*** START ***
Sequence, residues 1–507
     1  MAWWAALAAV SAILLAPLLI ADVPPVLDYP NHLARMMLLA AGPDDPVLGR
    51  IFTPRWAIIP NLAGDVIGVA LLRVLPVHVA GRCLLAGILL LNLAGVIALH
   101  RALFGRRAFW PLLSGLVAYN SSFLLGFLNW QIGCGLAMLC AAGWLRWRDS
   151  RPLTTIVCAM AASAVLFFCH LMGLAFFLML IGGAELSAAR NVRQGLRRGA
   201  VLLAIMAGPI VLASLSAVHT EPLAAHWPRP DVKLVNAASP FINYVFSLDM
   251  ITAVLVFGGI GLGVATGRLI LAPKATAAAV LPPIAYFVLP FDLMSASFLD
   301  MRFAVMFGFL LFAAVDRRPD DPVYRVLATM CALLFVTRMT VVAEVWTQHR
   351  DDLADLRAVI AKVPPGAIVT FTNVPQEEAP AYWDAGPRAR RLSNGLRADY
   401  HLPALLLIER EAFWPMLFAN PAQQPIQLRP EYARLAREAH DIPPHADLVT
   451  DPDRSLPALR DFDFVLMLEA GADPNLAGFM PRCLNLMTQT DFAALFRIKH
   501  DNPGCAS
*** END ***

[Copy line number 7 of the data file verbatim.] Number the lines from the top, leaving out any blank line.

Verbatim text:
   251  ITAVLVFGGI GLGVATGRLI LAPKATAAAV LPPIAYFVLP FDLMSASFLD